First, we’ve lowered our standards when we feel it’s more important to our child’s friend than it is to be our child’s parent. This is all too common in our culture. Parents who evidently want to re-live their “glory days” do whatever is necessary so that their 15-year-old will think they’re cool—or at least so that their 15-year-old’s friends will think they’re cool!

Let’s be honest. It’s important to have a good relationship with your children, and I hope that your child(ren)’s friends feel comfortable coming over to your home. But this doesn’t mean that you have to get a fresh tattoo and a body piercing so that a 15-year-old will think that you’re hip!

Your children have enough friends. What they need from you is for you to be their parent. They need you to love them unconditionally—even during the awkward years of adolescence as they learn to find their own voice in this world. They need you to be an example of what it is to follow Christ. They need to hear and see from you, “Be imitators of me, as I am of Christ” (1 Cor 11:1 ESV).

Second, we sacrifice our children on a variety of pagan altars. Let me suggest two such altars—work and materialism.

Work is good. Work existed prior to the Fall, and it’s good for a child to see her dad work hard to earn an income to support the family. But workaholism isn’t a good thing. Workaholism is idolatry. Workaholism is idolatry because we either find our identity in our work—instead of in Christ—or because we feel it’s necessary to work to provide the results we desire instead of trusting God to provide the results he desires. This isn’t an argument to be slothful. No, we should work and we should work hard, but we needn’t sacrifice our families on the altar of the workplace.

When was the last time you took time to rest from work? The Sabbath principle of rest was instituted for our sakes (Mark 2:27).

And to what end do we work? We work so that our children can have more “stuff” than we had. This is bowing at the altar of materialism. Yes, this is also an idol. We work to afford fancy vacations. We work to live a certain lifestyle. We work so that our 8-year-old can have a smart phone! Really?! What 8-year-old needs a smart phone?! Why don’t we work at being parents? Our children need their parents more than they need stuff.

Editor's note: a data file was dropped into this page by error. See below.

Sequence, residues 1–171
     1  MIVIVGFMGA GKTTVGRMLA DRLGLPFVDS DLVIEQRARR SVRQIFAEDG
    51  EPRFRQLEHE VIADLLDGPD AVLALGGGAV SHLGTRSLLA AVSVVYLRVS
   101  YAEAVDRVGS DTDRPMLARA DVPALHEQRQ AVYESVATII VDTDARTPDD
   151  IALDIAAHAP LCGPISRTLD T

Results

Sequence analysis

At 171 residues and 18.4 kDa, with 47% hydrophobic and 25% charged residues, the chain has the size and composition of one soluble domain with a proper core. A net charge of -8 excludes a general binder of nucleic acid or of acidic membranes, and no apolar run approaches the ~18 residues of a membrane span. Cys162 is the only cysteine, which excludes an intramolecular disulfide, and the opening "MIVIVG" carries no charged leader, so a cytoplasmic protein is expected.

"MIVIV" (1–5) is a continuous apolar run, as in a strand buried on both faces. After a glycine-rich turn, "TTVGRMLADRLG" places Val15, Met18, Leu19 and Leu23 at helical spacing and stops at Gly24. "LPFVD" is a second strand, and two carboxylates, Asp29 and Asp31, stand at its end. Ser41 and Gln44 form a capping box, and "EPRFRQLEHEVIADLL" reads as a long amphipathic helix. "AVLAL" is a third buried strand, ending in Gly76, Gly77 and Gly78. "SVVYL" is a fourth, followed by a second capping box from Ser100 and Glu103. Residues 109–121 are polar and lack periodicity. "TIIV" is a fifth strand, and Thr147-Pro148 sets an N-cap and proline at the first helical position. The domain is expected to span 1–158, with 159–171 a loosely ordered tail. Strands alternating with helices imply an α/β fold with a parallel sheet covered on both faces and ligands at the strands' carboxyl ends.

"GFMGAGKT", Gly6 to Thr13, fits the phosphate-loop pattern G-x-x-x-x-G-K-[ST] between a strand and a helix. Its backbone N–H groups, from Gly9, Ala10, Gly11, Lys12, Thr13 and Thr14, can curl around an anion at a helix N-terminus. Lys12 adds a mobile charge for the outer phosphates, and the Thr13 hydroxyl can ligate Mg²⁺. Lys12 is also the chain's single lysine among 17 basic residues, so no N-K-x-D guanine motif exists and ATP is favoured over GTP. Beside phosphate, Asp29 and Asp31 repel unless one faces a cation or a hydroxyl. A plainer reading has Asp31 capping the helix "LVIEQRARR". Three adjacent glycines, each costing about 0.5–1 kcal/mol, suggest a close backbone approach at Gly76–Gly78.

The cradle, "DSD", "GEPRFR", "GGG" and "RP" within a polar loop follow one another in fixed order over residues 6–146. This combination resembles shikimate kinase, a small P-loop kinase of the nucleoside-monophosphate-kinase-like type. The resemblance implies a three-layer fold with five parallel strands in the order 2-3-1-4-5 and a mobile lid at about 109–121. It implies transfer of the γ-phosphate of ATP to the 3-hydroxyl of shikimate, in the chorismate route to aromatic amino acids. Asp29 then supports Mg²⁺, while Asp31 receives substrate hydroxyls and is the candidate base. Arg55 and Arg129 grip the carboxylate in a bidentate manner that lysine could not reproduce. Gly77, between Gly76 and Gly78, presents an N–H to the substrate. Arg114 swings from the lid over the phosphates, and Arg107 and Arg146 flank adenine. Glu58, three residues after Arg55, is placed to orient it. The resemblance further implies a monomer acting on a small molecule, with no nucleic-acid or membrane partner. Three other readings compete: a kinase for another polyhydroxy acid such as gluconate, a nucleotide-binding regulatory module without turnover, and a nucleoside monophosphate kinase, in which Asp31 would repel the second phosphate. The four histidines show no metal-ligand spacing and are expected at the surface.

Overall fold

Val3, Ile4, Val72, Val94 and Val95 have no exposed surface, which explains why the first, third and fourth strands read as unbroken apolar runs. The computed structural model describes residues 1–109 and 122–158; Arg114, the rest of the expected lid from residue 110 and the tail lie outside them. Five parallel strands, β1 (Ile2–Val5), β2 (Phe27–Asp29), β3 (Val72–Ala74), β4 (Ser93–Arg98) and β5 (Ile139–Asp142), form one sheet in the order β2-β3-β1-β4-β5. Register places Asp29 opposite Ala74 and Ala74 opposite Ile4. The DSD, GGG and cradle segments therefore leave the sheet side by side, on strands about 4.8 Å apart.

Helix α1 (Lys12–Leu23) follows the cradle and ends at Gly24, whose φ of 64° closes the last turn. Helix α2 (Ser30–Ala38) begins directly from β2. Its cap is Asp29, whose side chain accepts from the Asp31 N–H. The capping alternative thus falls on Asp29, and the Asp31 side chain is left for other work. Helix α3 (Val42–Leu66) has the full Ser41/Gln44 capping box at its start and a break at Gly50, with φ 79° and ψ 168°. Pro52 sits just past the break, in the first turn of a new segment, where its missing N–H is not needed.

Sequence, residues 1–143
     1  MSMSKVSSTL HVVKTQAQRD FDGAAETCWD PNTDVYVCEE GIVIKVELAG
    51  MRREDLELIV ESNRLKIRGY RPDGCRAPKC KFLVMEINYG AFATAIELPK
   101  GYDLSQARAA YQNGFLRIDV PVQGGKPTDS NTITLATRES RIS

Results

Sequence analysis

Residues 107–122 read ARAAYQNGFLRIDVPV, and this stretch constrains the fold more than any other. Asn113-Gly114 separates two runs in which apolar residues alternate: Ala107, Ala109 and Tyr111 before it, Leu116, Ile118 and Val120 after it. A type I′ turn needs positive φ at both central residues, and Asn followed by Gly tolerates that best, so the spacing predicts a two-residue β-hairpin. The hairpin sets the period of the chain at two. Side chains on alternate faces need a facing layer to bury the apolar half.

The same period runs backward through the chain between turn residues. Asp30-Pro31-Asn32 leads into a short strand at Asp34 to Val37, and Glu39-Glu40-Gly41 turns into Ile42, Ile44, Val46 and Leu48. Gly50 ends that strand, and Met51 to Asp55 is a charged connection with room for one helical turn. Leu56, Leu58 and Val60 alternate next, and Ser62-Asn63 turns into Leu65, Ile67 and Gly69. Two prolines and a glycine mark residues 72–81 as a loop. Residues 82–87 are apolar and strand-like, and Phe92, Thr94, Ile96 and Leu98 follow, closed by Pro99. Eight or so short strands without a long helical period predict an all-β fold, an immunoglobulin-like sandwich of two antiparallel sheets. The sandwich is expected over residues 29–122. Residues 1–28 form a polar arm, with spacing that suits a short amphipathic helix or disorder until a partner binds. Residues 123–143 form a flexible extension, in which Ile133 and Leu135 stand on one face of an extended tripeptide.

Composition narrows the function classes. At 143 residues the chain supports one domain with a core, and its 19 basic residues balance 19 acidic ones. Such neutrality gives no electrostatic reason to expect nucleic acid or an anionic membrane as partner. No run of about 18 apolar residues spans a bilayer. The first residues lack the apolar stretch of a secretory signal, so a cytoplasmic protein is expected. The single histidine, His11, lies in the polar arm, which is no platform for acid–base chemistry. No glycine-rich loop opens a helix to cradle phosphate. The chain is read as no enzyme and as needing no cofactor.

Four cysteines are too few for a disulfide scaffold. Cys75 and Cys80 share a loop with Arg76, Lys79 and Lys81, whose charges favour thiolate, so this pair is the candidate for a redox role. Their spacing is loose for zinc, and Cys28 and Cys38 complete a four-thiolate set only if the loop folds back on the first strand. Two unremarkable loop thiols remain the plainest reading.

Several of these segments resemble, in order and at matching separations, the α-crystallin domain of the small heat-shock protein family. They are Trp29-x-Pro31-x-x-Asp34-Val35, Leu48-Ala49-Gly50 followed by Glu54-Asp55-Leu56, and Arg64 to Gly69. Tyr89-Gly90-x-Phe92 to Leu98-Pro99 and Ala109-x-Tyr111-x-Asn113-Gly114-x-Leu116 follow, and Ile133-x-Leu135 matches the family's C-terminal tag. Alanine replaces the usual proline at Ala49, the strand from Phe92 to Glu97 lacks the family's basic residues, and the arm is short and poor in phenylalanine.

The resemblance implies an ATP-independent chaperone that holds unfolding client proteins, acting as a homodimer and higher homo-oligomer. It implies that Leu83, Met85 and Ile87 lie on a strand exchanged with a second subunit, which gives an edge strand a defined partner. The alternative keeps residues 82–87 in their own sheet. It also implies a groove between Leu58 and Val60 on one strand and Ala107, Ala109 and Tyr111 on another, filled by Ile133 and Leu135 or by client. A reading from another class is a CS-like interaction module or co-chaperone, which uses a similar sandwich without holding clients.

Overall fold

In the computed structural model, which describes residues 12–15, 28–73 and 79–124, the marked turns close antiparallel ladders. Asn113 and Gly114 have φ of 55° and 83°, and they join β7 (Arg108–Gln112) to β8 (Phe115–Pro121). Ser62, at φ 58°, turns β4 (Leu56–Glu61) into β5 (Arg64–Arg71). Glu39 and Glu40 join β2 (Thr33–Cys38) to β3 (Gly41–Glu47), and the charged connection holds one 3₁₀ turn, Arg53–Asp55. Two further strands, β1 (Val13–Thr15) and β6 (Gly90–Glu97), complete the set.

Third, we’ve lowered our standards when we forget what the primary role of a parent is. The primary role of the parent is to “bring [our children] up in the discipline and instruction of the Lord” (Eph 6:4).

We’ve become so caught up in being our child’s friend that we’ve forgotten that our primary job is to disciple our children in the faith. Your child’s discipleship is your primary responsibility. It isn’t the primary responsibility of the pastor or youth pastor or children’s pastor. Mom and Dad, it’s your job.

The church is there to aide you in this process. The church should help you in this process, but the church can’t do it for you. You have a far greater impact on your child than any youth pastor will ever have, and your children will learn from your example—whether good or bad.

If you only attend church when you feel like it, then don’t be surprised when your child only attends church when he feels like—if at all!

If you disrespect your church leaders by “having them for lunch” (I’m speaking metaphorically here), then don’t be surprised when your child has no respect for the church or its leaders.

If you use foul language and watch promiscuous movies . . . I’m sure you’re getting the idea by now.

It’s the job of mom and dad to point their children to Jesus. It’s the job of mom and dad to point their children to the gospel. This is where we find our hope. We ultimately only “point” our children to the God who loved us all enough to send his only Son. And when we point our children to God, we allow him to shape their hearts and to draw them to himself.

Join me next time when we ask the question, “Have we raised a good, little Pharisee?”

For his glory,
Pastor Brian

“Hear, O Israel: The LORD our God, the LORD is one. You shall love the LORD your God with all your heart and with all your soul and with all your might. And these words that I command you today shall be on your heart. You shall teach them diligently to your children, and shall talk of them when you sit in your house, and when you walk by the way, and when you lie down, and when you rise.”
Deuteronomy 6:4–7